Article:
This illness is so serious we expect you to quarantine yourself so you don’t spread it and kill too many people, but it’s not so serious that you can skip worksheet math or writing assignments for a couple of days while you suffer its ravages! The testing must go on and you are a worker bee who has a learning quota to deliver, was the message I heard. And he looked every inch a military authority figure too, commanding the troops. No excuse, SIR!

I miss Mr. Rogers, sniff.

This is why the worst thing about NCLB was its bipartisan compromise of education principles, in favor of factory school. As I ranted after the hurricanes of 2004 here and then Katrina in New Orleans, real family life with kids is not about cranking out that schoolwork or meeting the standardized test schedule! Five days or two weeks or heck, a whole school year missed, is an idiotic, bureacratic-tone-deaf concern, come the hell of high water!

25 08 2009
Lynne

My two oldest are back in the system. One has to be at the bus before dawn. Thought that would give my youngest and I an energetic early start to the morning but we’ve already lapsed into a nap and early AM computer routine.

My friend’s Worst First Day story: Son used to a late night summer routine fell into such a deep sleep in his last class the kids said he was wasted. Teacher called the Dean who got him out of class/searched him/checked his pupils. He was calm & cool and clearly not on anything.

My youngest’s friend came home the first day of third grade and said she couldn’t play after school anymore because they had FCATs to study for…

25 08 2009
Mrs. C

“This illness is so serious we expect you to quarantine yourself so you don’t spread it and kill too many people, but it’s not so serious that you can skip worksheet math or writing assignments for a couple of days while you suffer its ravages!”

Bwa! Hilarious! I remember being given packets the VERY NEXT DAY after my son’s emergency appendectomy! You know, not that he’s too groggy to do the work or anything… Hey, that kid really was on drugs. He can’t be expected to do the work. Give him a break!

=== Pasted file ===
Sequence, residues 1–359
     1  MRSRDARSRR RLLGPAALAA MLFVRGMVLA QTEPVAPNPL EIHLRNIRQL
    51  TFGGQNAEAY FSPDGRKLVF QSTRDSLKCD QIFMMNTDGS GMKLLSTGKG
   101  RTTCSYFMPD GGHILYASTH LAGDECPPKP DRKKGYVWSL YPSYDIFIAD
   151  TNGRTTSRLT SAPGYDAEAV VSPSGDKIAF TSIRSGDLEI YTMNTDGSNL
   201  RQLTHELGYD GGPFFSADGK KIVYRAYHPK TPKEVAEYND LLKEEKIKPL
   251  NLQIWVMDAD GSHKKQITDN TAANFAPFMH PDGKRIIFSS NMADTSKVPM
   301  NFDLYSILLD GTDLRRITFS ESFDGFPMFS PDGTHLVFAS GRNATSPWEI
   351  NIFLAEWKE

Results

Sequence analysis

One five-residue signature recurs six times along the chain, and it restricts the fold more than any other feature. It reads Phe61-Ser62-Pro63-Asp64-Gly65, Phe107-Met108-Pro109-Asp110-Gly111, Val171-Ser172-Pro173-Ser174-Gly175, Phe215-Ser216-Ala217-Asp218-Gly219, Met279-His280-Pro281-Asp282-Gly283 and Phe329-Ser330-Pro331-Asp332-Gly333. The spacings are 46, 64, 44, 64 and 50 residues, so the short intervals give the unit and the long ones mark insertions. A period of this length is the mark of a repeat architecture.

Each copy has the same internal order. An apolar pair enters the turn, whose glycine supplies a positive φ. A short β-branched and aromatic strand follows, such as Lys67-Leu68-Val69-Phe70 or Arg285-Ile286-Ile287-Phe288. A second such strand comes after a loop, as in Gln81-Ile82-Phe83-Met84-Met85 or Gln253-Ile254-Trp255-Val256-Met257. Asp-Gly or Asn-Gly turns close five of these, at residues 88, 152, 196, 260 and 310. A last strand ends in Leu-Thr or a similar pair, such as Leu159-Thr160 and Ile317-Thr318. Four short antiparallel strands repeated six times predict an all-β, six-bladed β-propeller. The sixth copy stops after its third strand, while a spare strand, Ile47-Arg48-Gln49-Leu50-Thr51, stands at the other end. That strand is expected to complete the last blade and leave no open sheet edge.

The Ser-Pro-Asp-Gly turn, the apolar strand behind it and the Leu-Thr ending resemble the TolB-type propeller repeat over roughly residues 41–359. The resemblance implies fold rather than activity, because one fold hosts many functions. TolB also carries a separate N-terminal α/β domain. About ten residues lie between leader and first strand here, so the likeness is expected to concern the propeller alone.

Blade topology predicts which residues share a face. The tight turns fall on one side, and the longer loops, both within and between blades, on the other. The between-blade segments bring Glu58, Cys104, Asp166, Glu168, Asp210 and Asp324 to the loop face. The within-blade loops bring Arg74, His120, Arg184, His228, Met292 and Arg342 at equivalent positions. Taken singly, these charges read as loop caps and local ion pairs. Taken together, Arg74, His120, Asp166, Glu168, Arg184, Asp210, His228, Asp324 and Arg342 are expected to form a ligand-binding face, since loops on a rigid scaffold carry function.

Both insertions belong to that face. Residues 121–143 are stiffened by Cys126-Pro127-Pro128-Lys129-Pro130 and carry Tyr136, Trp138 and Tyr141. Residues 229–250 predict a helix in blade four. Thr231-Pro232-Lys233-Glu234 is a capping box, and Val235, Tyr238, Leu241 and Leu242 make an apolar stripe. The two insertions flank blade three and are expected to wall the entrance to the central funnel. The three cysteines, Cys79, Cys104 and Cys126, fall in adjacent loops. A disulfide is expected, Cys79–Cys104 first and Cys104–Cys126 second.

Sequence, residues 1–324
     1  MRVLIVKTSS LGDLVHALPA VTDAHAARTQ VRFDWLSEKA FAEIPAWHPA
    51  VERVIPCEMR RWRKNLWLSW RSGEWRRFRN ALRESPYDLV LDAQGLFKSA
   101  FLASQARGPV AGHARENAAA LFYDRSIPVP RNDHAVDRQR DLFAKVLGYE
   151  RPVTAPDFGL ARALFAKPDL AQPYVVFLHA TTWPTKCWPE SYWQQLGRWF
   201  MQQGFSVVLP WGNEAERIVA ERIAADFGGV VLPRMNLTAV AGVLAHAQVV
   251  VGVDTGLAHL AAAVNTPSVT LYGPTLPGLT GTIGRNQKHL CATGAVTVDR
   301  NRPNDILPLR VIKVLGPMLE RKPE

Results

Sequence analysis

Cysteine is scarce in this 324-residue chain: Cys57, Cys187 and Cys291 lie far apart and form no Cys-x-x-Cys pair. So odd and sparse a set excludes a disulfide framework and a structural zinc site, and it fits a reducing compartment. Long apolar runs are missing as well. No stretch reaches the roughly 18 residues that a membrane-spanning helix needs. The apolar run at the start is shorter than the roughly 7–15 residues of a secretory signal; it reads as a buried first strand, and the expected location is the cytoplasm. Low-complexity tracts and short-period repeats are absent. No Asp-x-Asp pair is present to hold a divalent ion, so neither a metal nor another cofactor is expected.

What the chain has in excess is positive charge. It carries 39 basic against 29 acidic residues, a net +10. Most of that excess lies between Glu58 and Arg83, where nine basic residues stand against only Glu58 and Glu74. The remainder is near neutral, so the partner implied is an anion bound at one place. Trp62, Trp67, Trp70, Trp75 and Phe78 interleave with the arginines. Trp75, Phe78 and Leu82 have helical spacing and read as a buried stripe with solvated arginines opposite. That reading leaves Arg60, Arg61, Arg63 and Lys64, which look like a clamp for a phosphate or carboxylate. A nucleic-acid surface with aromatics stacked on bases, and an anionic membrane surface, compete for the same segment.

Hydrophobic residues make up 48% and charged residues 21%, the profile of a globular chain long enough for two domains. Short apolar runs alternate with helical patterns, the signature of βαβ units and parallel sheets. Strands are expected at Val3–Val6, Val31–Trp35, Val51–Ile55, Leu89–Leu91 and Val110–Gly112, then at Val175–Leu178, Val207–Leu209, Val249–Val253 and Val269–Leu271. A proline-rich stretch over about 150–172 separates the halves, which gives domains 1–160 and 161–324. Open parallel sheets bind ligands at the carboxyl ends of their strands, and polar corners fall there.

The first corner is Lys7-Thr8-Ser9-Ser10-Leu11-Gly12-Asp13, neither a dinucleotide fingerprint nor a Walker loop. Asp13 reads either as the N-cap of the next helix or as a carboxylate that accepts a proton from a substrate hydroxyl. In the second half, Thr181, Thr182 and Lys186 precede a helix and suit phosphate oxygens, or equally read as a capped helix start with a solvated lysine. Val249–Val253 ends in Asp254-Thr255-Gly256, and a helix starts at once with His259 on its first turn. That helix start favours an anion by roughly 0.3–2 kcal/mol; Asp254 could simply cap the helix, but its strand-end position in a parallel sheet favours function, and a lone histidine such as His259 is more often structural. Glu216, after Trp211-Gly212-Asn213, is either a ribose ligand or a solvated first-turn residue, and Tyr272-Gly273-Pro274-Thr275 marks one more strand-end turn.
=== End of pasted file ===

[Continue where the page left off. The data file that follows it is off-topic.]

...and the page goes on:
25 08 2009
JJ

Exactly. 🙂

Like just about everything, school standards and accountability measures can sound okay, even important, taken by itself as one plan to address one sort of need — but that’s not really how life is. It’s everything all connected and interdependent at the same time. So pretending each thing is linear and separate one step at a time, gets it all out of whack on the priority list, in context with all the other very complex realities of modern life. What seemed like a sensible no-brain approach becomes part of the sickness rather than the cure.

A couple of years ago, before Snook, Nance and I got into studying Dietrich Dorner’s computer modeling of how smart individuals can make such stupid social errors, how because they (we) are not computers, they (we) get overwhelmed and zero in on some tiny thing we feel we can be definite about, which means we wind up focusing with myopic intensity on simplistic solutions to some small irrelevant part of the problem we feel can show results of our efforts and prove us “right” — while the real situation gets even worse. He called it “The Logic of Failure.”

See School Choice: A Bumpy Ride, or Getting Bumped? Both Wrong Answers and maybe Don’t Give Up the Fight for more . . .

Schooling is like flying.

The whole story is about how aggressive and insulated data analysts crunch endless numbers to create operational models that are statistically attractive but unfit for human consumption, thereby infuriating regular, responsible people just trying to participate in the system in good faith. . .

25 08 2009
Meg

I will say that one of the nice things about Girl being older is that even though her bus picks her up before 7 AM, she gets herself up and out without me stirring. It won’t last, but I’ve been sleeping until 9.

25 08 2009